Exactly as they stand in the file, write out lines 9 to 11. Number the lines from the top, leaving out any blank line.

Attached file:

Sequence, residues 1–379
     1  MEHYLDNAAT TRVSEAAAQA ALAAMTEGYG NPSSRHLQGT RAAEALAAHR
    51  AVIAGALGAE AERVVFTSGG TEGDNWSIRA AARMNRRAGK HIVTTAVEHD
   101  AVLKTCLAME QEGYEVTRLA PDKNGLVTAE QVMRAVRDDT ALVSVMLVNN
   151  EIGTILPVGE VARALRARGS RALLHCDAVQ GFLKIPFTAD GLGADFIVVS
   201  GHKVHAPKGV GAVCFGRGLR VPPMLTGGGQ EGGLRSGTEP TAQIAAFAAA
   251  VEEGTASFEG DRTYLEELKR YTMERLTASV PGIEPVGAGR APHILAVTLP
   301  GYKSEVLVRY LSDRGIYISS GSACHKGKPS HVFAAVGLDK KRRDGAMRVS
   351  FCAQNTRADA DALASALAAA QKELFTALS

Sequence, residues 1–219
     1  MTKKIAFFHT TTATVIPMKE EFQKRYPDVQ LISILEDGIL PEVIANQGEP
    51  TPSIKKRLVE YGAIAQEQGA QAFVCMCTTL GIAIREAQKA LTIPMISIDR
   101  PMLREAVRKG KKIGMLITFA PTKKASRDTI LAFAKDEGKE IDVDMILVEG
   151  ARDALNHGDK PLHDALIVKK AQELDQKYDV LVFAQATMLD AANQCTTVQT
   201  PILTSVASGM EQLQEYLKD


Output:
   351  FCAQNTRADA DALASALAAA QKELFTALS

Sequence, residues 1–219
     1  MTKKIAFFHT TTATVIPMKE EFQKRYPDVQ LISILEDGIL PEVIANQGEP